Review Metallica: Hardwired… To Self-Destruct

Metallica prove that they can still play Metal.

Tony Antunovich

Published

By Tony Antunovich @tonyantunovich

Eight years is a long time lapse between albums, and when it takes a band that long to put out new music, you expect it to be well worth the wait, right? Those expectations rise considerably when you're dealing with a band like Metallica. Since the release of Death Magnetic in 2008, it seems Metallica redeemed themselves (after 2003's disastrous St. Anger), and now they're actually serious about trying to get back to what they do best. So without further ado, let's dissect their long-awaited new album, Hardwired... To Self-Destruct.

Consisting of twelve songs clocking in at just over 75 minutes of music, Hardwired... To Self-Destruct is the product of roughly sixteen months of recording in the studio. The four horsemen (no pun intended) obviously put a lot of work into what can be considered a pretty solid effort. What's most impressive is you can actually hear their dedication and energy in the songs themselves, most of which are over six minutes long. Overall -- in my humble opinion -- this is more "Metal" than Metallica have been since the Black album in 1991. Many of the tunes in the selection pack a real punch, with plenty of Thrash elements mixed in to show that the band still mean business.

Album opener Hardwired is a pure Thrash-infused onslaught, complete with crunching riffs and Hetfield's signature vocals. Hoorah! This song has some attitude! Ulrich does a good job of reminding us that he is still a good drummer too, but it's a little overdone. Atlas, Rise! -- easily one of the best tunes here -- is a head-banging good time with more patented Metallica hooks and grooves. Spit Out the Bone and Moth Into Flame are two other great thrashers. The latter features some nice time changes and beefy riff/solo work by Hetfield and Hammett. It's not all full-speed ahead, however. Mid-paced tunes like Confusion and Halo on Fire add some diversity to the mix, and show Metallica aren't afraid to experiment with some melodic elements when it's appropriate.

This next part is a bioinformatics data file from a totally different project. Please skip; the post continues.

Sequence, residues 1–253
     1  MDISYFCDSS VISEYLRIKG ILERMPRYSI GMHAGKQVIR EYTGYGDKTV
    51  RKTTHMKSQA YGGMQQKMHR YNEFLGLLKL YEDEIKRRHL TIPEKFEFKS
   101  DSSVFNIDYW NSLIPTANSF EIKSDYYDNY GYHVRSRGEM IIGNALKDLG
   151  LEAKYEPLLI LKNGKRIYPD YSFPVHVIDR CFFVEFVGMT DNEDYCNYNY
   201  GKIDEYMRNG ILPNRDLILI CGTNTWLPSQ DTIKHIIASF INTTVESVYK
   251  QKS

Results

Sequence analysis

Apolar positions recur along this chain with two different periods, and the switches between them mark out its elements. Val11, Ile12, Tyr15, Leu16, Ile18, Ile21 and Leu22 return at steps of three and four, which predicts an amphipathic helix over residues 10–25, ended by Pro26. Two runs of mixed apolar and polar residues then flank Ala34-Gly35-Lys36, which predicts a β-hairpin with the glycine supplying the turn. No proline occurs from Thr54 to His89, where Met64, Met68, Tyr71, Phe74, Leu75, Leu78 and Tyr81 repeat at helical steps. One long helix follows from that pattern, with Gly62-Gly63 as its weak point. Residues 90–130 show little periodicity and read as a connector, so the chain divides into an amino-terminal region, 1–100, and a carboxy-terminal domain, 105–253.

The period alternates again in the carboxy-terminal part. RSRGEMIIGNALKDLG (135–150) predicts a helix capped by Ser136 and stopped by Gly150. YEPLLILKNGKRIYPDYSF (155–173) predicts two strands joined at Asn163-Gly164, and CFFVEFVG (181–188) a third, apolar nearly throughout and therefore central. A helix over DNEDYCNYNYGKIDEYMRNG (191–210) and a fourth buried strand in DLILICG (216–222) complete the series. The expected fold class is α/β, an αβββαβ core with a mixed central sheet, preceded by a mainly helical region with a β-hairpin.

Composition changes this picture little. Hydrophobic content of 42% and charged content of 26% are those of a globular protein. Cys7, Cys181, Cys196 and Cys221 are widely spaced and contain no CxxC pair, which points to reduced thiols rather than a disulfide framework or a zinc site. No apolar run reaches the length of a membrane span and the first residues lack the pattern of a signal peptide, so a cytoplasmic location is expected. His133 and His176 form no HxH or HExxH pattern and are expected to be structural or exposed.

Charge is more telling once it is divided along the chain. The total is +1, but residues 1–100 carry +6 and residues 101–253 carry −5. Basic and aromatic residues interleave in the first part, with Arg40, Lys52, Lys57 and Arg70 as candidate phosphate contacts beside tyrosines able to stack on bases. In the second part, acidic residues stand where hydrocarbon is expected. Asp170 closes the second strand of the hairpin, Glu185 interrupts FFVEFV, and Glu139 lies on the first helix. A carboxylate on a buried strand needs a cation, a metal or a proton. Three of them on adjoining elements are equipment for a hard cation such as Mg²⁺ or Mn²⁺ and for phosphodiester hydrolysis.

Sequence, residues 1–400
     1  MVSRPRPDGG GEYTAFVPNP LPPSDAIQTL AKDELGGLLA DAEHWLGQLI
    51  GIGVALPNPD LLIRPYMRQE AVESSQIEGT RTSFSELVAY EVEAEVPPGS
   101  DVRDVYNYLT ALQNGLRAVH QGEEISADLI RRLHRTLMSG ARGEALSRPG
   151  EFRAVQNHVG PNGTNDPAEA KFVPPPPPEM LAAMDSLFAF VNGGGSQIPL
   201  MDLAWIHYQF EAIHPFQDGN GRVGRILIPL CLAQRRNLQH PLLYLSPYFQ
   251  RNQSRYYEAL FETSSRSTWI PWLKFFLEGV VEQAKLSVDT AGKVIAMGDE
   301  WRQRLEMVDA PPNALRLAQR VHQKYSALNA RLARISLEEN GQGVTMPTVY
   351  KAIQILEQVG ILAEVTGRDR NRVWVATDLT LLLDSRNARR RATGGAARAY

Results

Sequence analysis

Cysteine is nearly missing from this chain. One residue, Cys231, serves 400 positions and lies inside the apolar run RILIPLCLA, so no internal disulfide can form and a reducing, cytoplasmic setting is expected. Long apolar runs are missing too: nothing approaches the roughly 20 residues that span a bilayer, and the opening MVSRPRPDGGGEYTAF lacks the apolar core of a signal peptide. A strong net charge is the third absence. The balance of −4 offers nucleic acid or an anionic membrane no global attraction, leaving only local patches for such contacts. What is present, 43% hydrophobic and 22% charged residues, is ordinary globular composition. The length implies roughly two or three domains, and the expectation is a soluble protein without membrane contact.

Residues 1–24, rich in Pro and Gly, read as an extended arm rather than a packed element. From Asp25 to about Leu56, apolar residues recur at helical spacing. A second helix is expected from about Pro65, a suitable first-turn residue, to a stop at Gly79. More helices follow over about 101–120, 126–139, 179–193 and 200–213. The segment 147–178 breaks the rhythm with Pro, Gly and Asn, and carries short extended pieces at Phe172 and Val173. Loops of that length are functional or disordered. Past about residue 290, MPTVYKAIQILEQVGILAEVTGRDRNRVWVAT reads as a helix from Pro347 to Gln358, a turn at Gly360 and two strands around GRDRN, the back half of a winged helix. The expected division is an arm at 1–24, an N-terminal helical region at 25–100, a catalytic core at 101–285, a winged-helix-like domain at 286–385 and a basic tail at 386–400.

On the flip side, there are a few lack-luster efforts to take note of. Murder One -- a song the band wrote about the late Lemmy Kilmister -- has great music, but it's overshadowed by Hetfield's muddled vocals. It's a shame because this one had real potential. It's not nearly as bad as Am I Savage? though. The guitar riffs almost sound like they are out of tune and the vocals are all over the place, making it really hard to listen to. This one is a real lemon. Pass the sugar, please!

Maintaining their iconic status was a struggle for several years, but Metallica have managed to create something they can be content with. They've poured their collective heart and soul into this album and fans should be relatively satisfied with the outcome. Hardwired... To Self-Destruct is not perfect by any means, nor is it a return to the sound of classics like Master of Puppets of Ride the Lightning, but it's probably the best we could hope for at this point in the band's career. These guys are now all over 50, and to be able to still produce this kind of music at this stage of the game is an accomplishment.

Images courtesy of Blackened Recordings and Warner Music.

7.5

Good

The Rundown

Hardwired... To Self-Destruct has that familiar Metallica flavour while venturing into some interesting new territory, but fails to deliver a hefty blow like the glory-day albums.

What's good?

  • Recognizable Metallica style
  • Heavy, crunching riffs in most songs
  • Good production
  • Fantastic sound quality

What's not?

  • Some arrangements overdone
  • Not enough interesting guitar solos

Stand-out Tracks

  • Atlas, Rise!
  • Hardwired
  • Moth Into Flame
  • Spit Out the Bone